A higher percentage of California construction firms plan to add workers to their payroll, according to an employment forecast released by the Associated General Contractors of America Monday.
Forty-five percent of the 66 California firms surveyed said they would be hiring workers in 2012. Twenty-three percent said they plan to maintain their current number of employees, 21 percent didn’t know if they would add or lay off workers and 11 percent said they would lay off workers.
In comparison, last year 39 percent of those surveyed said they had laid off workers, 26 percent added employees and 35 percent had no change in employment.
The 2012 forecast said 37 percent of firms plan to add five employees or less, 27 percent plan to add six to 15 workers, 16 percent plan to add 16-25 workers and 20 percent plan to add 25 or more employees.
Of those firms planning to lay off workers, 72 percent said five or fewer, 16 percent said six to 15 workers, 3 percent said 16-25 empoyees and 9 percent said more than 25 employees.
Kenneth Simonson, chief economist for Associated General Contractors, said the construction of homes and infrastructure projects are a couple of reasons why contractors feel optimistic about adding workers.
“I think we are getting a definitive upturn in multifamily construction,” said Simonson, adding that housing is picking up in the San Francisco Bay Area and Silicon Valley.
Simonson also said that although the report doesn’t survey contractors who build single or multifamily projects, he did say that contractors surveyed do utility and road work for new housing developments.
“Roads to and from ports, like in Long Beach, to warehouses in the Inland Empire are also being worked on,” Simonson said.
California contractors expect a higher percentage of their bids will be focused on highway construction projects, with those surveyed saying they expect a 36 percent increase in 2012 when compared to 2011.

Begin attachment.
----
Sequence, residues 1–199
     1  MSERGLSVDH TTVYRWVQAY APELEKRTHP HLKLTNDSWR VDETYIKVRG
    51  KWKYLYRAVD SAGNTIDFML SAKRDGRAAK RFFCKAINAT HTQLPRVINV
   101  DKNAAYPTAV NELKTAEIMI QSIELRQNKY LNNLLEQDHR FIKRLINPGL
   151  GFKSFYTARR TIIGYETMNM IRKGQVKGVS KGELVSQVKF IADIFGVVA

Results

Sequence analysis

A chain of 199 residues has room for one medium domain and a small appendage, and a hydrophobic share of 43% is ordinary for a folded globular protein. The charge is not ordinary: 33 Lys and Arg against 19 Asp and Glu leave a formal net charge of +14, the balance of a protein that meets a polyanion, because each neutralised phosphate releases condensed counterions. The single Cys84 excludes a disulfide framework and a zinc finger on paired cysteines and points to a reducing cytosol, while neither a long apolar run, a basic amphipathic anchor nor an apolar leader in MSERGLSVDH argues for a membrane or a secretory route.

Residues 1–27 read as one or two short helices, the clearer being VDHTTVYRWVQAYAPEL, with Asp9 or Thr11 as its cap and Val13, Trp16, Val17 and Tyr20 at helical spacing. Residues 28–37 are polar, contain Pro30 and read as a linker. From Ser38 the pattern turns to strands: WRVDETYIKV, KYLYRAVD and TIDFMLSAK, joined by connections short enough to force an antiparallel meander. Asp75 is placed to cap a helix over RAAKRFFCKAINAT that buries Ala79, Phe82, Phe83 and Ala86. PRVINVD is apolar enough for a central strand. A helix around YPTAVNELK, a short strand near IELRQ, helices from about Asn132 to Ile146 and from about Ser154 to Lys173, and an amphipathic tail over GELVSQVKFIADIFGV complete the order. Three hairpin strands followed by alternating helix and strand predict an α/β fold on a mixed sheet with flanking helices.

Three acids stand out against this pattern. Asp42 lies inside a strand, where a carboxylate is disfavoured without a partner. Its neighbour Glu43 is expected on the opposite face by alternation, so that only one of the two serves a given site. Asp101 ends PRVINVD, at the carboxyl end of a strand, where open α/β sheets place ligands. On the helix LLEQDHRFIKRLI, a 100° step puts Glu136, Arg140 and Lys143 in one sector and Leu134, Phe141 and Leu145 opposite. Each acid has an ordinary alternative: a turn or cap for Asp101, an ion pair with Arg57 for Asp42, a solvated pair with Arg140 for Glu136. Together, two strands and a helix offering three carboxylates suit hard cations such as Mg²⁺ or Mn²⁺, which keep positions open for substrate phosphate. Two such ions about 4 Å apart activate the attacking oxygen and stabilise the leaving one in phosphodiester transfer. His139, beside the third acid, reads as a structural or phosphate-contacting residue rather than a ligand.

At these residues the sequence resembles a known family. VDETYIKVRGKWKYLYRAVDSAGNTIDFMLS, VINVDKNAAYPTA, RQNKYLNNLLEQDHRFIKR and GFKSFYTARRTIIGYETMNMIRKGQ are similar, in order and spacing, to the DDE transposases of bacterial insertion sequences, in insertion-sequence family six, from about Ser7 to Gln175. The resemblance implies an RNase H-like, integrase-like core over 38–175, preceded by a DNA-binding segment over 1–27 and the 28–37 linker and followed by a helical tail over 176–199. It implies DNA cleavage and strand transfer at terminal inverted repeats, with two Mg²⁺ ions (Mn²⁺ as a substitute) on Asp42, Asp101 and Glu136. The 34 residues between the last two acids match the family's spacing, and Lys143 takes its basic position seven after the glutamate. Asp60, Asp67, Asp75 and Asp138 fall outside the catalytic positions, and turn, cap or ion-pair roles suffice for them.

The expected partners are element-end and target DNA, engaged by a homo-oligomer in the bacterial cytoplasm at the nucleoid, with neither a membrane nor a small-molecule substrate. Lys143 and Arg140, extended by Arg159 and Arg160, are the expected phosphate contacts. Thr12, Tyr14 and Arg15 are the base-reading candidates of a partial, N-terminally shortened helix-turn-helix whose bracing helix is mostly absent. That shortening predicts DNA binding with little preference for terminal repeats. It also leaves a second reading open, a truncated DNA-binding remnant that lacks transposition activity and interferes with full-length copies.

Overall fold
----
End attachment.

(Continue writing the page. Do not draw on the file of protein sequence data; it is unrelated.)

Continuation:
Contractors also said they expect a higher volume of the projects they bid on in 2012 will come from power (40 percent more than in 2011) and the hospital/higher education sectors (33 percent more than 2011).
Overall in the United States, 32 percent of the approximately 1,300 firms surveyed said they plan to hire workers in 2012, compared to 9 percent that said they anticipate to lay off employees.
Twenty-nine percent of firms around the United States said they don’t plan to make any payroll moves and 30 percent said they didn’t know if they would hire or fire any employees in 2012.
Simonson believes there are some conflicting trends when it comes to contractors’ expectations for construction demand in 2012, which is leading to these employment forecasts.
“On one hand, a majority of firms expect the dollar volume of projects they compete for to either grow or remain stable in every market segment,” Simonson said. “In contrast, contractors working on a number of market segments typically funded by the public sector are less optimistic.
The majority of the approximately 1,300 general contractor and/or specialty subcontracting firms that participated in the survey came from the 20,000 AGC members. The surveys were conducted the final three weeks of 2011.
The AGC could not provide a list of firms surveyed because, according to a spokesperson, AGC did not ask for contact information.